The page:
The Lure of Psychology for Education and Educational Research

Journal of Philosophy of Education 46 (3):315-331 (2012)
Abstract
Psychology has penetrated many domains of society and its vocabulary and discourse has become part of our everyday conversations. It not only carries with it the promise that it will deliver insights into human behaviour, but it is also believed that it can address many of the problems human beings are confronted with. As a discipline it thrives in the present climate of performativity, where more attention is given to means than to ends. The article observes first that for education and thus for educational research, though psychology's approach can be valuable, other theoretical stances are also necessary. It then analyses why psychology may be attractive nowadays in the educational field and identifies its prestige in academia, partly arising from its professionalization, but above all the use of a particular method and the focus on certain contents. This has historical antecedents, and so some illustrations are given of previous developments, paying attention as well to the controversies in which educational psychology has been involved in the past, as well as to the need of biographical research, which warns us to be careful with generalizations. It is argued that a more balanced approach (invoking the particularities of the situation as well as a broader concept of practical rationality) is required for the study of education and that educational researchers therefore should resist the tendency to see psychology as the default auxiliary science of education; instead they should reclaim their territory, do justice to the responsibility that is required and highlight the importance of understanding social practices to a large extent in terms of reasons and intentions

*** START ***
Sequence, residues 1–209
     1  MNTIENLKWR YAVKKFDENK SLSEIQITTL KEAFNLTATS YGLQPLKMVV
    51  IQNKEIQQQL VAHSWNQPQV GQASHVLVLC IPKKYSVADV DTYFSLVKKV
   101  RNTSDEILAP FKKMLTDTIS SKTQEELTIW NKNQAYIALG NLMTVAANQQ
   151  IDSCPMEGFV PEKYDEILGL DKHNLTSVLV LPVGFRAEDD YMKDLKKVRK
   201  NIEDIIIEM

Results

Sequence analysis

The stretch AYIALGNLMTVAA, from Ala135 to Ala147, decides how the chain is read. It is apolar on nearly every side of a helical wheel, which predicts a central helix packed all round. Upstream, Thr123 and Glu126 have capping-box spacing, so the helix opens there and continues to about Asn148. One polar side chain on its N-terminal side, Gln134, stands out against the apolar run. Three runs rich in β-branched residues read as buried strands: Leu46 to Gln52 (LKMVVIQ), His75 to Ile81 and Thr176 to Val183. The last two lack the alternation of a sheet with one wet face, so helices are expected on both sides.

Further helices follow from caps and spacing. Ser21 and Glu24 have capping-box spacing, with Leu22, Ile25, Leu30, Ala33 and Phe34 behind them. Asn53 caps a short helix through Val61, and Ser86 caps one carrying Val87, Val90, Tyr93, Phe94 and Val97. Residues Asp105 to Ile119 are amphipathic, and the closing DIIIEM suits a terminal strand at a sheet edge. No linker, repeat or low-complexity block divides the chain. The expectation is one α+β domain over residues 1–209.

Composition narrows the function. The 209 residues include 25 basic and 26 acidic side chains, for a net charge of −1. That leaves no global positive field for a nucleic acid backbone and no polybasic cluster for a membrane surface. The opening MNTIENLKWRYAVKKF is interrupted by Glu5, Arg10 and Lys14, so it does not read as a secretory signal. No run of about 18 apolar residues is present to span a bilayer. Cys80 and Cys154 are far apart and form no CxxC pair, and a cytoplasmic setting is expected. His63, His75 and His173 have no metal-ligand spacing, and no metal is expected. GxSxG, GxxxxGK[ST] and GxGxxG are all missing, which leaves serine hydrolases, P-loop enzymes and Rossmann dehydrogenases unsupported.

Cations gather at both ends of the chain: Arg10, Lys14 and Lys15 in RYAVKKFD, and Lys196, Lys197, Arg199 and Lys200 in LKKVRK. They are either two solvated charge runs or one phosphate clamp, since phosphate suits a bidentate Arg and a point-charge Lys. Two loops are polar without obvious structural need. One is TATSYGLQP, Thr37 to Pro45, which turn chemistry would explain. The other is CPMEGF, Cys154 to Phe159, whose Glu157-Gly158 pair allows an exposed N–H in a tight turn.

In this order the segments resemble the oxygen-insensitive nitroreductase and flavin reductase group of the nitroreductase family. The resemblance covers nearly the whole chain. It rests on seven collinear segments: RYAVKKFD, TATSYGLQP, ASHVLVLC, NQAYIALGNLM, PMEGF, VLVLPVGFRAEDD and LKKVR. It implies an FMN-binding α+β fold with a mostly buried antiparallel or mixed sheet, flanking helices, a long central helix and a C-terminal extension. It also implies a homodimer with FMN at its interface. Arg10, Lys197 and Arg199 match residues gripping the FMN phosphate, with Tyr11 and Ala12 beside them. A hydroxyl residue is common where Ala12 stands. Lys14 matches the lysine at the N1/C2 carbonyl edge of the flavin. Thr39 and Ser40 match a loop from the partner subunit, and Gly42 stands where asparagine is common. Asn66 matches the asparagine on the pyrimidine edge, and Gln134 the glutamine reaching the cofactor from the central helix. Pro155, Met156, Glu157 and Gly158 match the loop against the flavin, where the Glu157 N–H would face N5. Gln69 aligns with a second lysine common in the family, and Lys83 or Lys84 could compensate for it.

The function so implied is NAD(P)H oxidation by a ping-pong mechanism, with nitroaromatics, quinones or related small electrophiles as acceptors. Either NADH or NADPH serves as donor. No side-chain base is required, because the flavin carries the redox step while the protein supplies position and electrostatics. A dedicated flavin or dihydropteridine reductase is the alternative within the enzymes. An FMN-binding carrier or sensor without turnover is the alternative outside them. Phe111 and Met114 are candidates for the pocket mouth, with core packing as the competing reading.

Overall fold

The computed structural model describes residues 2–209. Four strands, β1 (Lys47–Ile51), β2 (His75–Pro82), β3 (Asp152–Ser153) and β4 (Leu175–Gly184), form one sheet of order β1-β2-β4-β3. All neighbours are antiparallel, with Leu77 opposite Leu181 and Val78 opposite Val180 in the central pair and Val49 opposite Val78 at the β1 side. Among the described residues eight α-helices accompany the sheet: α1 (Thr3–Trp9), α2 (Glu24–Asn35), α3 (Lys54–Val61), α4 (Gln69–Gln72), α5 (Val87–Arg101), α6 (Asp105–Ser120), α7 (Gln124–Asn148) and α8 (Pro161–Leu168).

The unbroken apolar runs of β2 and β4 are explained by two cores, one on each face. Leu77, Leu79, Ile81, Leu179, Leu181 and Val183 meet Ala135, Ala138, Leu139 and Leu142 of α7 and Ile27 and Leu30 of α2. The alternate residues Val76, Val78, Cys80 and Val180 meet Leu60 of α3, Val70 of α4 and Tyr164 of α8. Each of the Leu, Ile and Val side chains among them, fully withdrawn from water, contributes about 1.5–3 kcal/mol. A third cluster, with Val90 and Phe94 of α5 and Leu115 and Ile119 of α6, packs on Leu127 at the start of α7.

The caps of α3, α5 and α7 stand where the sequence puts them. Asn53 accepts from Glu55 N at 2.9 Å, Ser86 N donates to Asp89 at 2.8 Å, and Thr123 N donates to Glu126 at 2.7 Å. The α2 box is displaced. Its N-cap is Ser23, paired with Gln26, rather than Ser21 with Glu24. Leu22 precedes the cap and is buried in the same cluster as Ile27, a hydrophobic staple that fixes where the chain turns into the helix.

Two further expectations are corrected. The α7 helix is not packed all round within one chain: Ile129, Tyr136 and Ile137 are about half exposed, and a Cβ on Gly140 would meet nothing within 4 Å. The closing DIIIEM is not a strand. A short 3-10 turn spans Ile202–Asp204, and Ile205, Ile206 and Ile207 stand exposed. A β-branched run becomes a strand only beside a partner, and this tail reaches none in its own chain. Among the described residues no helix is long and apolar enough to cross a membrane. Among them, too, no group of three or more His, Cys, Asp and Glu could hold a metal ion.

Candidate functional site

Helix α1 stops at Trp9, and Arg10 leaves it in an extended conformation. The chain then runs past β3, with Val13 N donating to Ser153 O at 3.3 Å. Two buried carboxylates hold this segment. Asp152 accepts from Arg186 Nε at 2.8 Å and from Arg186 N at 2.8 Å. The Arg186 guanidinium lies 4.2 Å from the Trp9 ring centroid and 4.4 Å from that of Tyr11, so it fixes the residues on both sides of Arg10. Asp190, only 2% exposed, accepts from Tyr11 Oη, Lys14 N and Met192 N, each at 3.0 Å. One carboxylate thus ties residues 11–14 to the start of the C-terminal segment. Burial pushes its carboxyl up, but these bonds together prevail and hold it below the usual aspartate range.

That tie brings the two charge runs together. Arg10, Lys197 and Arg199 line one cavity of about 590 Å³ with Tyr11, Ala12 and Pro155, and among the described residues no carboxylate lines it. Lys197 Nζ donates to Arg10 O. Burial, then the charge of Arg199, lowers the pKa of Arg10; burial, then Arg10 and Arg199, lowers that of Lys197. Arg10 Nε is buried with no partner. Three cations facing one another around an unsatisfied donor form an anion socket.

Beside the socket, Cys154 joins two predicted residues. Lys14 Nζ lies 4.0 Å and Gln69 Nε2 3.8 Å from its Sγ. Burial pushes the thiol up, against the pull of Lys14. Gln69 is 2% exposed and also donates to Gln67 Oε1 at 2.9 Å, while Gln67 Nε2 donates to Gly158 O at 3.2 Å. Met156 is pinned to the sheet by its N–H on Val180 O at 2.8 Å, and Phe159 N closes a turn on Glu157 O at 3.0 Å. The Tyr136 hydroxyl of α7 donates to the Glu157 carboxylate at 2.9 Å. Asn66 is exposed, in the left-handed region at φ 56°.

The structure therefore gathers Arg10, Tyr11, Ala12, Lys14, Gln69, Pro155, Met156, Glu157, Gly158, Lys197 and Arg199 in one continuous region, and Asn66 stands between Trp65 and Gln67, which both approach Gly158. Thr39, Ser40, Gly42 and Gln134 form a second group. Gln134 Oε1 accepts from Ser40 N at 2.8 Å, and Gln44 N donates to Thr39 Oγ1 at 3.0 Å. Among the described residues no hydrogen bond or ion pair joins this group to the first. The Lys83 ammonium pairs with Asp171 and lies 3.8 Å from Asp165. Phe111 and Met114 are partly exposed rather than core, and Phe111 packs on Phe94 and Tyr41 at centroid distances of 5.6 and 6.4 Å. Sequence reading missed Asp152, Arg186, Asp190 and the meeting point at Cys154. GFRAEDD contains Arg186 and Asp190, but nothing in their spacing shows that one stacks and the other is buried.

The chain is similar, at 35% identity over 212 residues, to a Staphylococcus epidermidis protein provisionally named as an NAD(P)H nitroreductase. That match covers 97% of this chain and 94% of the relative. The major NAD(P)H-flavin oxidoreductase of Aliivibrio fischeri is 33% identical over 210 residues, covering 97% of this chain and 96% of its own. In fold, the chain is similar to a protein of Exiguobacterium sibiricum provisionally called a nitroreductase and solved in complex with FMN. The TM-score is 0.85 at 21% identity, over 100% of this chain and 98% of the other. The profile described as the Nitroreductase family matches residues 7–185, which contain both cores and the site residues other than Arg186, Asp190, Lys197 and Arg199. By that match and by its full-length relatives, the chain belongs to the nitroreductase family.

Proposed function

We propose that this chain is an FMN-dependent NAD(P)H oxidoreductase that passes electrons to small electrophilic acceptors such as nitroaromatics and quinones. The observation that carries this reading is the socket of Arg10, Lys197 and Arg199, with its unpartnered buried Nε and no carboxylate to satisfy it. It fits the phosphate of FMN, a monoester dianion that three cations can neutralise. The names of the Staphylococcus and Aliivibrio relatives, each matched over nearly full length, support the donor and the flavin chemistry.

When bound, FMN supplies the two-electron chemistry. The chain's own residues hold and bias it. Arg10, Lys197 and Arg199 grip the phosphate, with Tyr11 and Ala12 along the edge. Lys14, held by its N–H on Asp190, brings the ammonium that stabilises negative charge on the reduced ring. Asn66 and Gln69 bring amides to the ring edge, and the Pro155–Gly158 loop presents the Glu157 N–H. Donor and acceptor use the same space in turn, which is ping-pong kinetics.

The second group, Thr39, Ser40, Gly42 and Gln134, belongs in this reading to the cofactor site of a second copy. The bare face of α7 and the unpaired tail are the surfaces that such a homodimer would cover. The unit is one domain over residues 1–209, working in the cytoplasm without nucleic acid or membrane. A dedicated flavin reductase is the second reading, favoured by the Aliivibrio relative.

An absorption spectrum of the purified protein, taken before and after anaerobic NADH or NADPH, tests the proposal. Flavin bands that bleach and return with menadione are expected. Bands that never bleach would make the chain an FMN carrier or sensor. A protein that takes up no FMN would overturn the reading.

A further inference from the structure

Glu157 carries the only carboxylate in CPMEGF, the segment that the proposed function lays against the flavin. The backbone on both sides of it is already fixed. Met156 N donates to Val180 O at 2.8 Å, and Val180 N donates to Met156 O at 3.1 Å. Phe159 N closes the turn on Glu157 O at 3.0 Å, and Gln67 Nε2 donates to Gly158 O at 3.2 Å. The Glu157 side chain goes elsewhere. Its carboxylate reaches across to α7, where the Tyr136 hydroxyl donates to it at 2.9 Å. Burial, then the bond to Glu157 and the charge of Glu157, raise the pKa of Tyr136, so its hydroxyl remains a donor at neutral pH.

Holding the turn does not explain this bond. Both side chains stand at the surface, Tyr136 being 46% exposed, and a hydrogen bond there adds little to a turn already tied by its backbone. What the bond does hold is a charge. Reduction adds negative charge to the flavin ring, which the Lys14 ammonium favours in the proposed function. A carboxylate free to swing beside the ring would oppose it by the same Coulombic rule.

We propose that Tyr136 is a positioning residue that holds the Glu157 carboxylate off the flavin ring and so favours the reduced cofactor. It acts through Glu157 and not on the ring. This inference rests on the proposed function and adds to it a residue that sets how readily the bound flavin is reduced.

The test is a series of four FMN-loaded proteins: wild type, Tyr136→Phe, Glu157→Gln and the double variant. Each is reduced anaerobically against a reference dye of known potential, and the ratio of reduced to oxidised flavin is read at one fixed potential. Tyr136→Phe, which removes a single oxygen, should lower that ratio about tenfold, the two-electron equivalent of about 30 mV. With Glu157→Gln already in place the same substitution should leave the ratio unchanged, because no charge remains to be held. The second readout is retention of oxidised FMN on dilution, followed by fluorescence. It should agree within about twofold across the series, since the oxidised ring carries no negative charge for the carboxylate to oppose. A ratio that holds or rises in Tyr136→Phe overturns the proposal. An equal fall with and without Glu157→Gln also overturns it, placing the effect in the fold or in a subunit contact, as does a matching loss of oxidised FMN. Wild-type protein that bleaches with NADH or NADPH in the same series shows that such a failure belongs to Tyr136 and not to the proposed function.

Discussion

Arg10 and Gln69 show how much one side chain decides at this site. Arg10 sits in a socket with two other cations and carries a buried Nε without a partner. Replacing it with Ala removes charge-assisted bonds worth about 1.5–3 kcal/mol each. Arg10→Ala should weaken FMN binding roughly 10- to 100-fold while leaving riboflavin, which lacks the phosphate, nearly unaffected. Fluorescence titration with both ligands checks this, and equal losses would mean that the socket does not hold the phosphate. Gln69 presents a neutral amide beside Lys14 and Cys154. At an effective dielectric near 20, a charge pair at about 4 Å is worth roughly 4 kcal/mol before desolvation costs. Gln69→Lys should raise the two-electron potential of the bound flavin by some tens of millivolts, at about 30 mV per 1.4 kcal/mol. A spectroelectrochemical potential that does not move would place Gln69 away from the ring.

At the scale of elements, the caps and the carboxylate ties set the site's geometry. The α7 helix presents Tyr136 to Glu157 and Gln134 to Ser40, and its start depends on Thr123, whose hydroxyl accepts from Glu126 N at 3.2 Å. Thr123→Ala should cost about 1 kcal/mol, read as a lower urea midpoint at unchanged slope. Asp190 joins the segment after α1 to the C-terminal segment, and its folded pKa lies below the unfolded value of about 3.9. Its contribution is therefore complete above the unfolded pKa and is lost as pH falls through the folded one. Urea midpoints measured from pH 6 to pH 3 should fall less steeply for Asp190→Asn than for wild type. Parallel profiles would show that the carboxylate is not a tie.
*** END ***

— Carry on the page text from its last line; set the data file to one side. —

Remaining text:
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References found in this work BETA
John Elliott (2006). Educational Research as a Form of Democratic Rationality. Journal of Philosophy of Education 40 (2):169–185.
Lynn Fendler (2006). Why Generalisability is Not Generalisable. Journal of Philosophy of Education 40 (4):437–449.

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